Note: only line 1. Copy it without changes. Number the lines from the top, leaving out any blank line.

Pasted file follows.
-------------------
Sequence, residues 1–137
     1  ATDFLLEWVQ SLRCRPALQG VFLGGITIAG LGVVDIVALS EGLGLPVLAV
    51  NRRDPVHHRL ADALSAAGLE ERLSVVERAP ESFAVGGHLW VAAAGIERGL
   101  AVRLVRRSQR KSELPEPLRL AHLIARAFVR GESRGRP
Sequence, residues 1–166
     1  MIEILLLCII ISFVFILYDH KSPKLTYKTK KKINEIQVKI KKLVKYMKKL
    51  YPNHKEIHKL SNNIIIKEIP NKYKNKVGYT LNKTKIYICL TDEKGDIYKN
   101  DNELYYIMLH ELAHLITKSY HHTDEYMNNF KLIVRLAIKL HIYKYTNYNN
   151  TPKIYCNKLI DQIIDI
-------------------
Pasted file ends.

Sequence, residues 1–137